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Monday October 25, 1976
. . . where the 1970s live forever!

News stories from Monday October 25, 1976


Summaries of the stories the major media outlets considered to be of particular importance on this date:

  • Organized labor has been waging the biggest, most costly and most sophisticated campaign in its history in support of a presidential candidate -- Jimmy Carter. Most national political authorities agree that if labor's effort succeeds, Mr. Carter will be President. If it fails, he very likely will not. [New York Times]
  • The sole surviving "Scottsboro Boy," Clarence Norris, was pardoned by Gov. George Wallace of Alabama. Mr. Norris, now 64 and a warehouseman working for New York City, said at a news conference that "a man should never give up hope." In 1931 he and eight other black youths were charged with raping two white women. After 15 years in prison, five on death row, he was released on parole and left Alabama without permission. [New York Times]
  • A massive search was under way for the arsonist responsible for a fire that killed 25 persons in a social club in the Bronx. The police had first suspected a man who had an argument with his wife during the club dance, but they said that this likelihood was increasingly doubtful. Investigators said that the case was now wide open. [New York Times]
  • American colleges, reversing a trend of recent years. are restoring the concept of a "general education." This holds that a student should take courses in each of the major branches of learning. Faculties that abandoned or relaxed such requirements under pressure to give students increased freedom have made the shift as a new mood of academic seriousness grows among students. [New York Times]
  • Stock prices moved narrowly and closed slightly lower in one of the most sluggish sessions of the year. Declines barely exceeded advances on the Big Board, and the Dow Jones industrial average eased 0.75 to chose at 938. Credit markets continued their severe slump. Bond prices dropped sharply and interest rates rose, as the yield on the Treasury's new two-year notes rose to 6.11 percent from 5.96 percent. [New York Times]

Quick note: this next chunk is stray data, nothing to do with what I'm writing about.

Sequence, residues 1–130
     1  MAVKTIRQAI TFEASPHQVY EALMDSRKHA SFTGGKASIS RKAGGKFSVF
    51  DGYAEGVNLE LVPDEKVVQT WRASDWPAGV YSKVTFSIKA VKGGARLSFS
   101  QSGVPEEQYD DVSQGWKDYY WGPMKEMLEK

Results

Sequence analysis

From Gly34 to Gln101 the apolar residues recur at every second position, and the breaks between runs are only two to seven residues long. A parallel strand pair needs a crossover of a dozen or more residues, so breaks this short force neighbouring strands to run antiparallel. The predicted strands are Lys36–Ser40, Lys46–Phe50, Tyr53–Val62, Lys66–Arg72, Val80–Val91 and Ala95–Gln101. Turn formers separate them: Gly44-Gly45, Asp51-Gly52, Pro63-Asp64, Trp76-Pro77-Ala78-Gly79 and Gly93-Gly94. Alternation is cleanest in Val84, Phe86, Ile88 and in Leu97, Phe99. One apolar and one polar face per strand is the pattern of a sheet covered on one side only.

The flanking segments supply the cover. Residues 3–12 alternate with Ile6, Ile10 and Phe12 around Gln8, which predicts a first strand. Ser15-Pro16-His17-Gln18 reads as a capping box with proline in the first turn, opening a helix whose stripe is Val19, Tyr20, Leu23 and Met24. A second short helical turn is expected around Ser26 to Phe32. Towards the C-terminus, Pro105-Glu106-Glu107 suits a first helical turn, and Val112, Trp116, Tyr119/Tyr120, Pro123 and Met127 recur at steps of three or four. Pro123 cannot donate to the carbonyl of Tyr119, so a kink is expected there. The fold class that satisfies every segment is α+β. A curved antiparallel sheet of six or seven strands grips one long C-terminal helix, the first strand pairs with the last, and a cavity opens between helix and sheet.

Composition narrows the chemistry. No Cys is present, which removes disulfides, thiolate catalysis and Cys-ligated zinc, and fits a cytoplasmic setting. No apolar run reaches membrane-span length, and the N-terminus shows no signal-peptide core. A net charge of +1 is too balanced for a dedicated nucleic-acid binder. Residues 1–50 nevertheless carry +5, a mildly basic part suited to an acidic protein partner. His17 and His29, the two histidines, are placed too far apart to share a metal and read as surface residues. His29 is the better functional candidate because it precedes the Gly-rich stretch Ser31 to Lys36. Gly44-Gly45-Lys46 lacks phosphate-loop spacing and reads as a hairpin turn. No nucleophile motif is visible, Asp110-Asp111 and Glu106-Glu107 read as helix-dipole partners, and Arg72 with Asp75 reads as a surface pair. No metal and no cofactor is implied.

• Bill Arnsparger was dismissed as coach of the New York Giants after his team lost seven successive games. His assistant, John McVay, was appointed to succeed him. Wellington Mara, president of the club, said that at this point it had to "see if the people we have can respond to a personality other than Bill." [New York Times]
  • Canada is embroiled in a political crisis that its leaders fear may break up its confederation, with possible separation by French-speaking Quebec, its biggest province. Long-simmering hostilities between French-speaking and English-speaking Canadians have been fueled by widespread economic insecurity over inflation and unemployment. [New York Times]
  • The British pound plunged in a record setback, dropping more than 5 cents to close at $1.595. The decline followed an article in the Sunday Times of London that said that the United States and the International Monetary Fund had agreed that the pound should drop to $1.50 as a prerequisite for a $3.9 billion loan that London wants from the fund. England's Central Bank tried and then gave up efforts to stem the selling pressure. [New York Times]
  • The Soviet Union, after vigorous United States encouragement, has applied to join major rate-setting conferences covering two key North Atlantic shipping routes. Bringing the fast-expanding Russian merchant fleet into the conferences is expected to prevent chaos on world trade routes and a Soviet-American confrontation over the Russians' slashing of rates. [New York Times]
  • The International Monetary Fund, after lending heavily for two years, has less available money. If the world economic slump continues, the fund may face problems in meeting loan demands next year. The I.M.F.'s stock of lendable funds has dropped from $11.5 billion 18 months ago to about $6.3 billion and may fall to $4.6 billion by the end of the year, it is estimated. [New York Times]
  • A bumper Soviet grain harvest was announced by Leonid Brezhnev, the Communist Party leader. He told the Central Committee that the harvest could reach or exceed the record crop of 222.5 million tons reaped in 1973. The big crop, which contrasted markedly with a disastrous harvest last year, was attributed by specialists to good weather, including timely rains. [New York Times]
  • About 30 Moscow Jews who had been demonstrating over delays in receiving permission to emigrate to Israel were arrested in a move to cut off further protests. Reports from friends and families said that some had been arrested at home or while leaving, and others intercepted as they approached the site of their protests. [New York Times]
  • Transkei's independence from South Africa was accepted by Chief Kaiser Matanzima at a formal ceremony in Umtata, the capital. But the new state, the first of South Africa's black homelands to receive this status, has not been recognized by other nations, which regard the step as part of South Africa's apartheid policy. [New York Times]


Stock Market Report

Dow Jones Industrial Average: 938.00 (-0.75, -0.08%)
S&P Composite: 100.07 (+0.11, +0.11%)
Arms Index: 1.03

IssuesVolume*
Advances6645.34
Declines6865.66
Unchanged4902.31
Total Volume13.31
* in millions of shares

Arms Index is the ratio of volume per declining issue to volume per advancing issue; a figure below 1.0 is bullish.

Market Index Trends
DateDJIAS&PVolume*
October 22, 1976938.7599.9617.87
October 21, 1976944.90100.7717.98
October 20, 1976954.87101.7415.86
October 19, 1976949.97101.4516.20
October 18, 1976946.56101.4715.71
October 15, 1976937.00100.8816.21
October 14, 1976935.92100.8518.61
October 13, 1976948.30102.1221.69
October 12, 1976932.35100.8118.21
October 11, 1976940.82101.6414.62


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